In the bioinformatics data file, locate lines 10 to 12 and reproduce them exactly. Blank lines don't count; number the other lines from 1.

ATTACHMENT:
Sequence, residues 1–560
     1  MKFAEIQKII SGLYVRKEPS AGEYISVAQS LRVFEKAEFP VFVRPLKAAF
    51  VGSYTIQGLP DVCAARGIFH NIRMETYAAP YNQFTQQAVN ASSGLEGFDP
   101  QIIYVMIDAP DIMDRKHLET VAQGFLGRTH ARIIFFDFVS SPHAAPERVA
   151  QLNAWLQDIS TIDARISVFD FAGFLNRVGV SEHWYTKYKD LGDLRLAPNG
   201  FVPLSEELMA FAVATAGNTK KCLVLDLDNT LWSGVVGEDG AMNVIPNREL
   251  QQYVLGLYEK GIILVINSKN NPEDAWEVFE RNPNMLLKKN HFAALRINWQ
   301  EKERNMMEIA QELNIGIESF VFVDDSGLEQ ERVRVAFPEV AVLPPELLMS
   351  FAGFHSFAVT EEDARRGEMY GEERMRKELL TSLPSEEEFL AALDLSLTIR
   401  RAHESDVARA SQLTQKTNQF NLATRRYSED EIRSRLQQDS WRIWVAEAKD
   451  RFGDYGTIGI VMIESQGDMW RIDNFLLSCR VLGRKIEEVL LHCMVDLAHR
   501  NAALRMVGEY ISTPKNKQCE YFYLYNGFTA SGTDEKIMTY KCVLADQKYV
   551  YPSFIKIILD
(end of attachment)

   401  RAHESDVARA SQLTQKTNQF NLATRRYSED EIRSRLQQDS WRIWVAEAKD
   451  RFGDYGTIGI VMIESQGDMW RIDNFLLSCR VLGRKIEEVL LHCMVDLAHR
   501  NAALRMVGEY ISTPKNKQCE YFYLYNGFTA SGTDEKIMTY KCVLADQKYV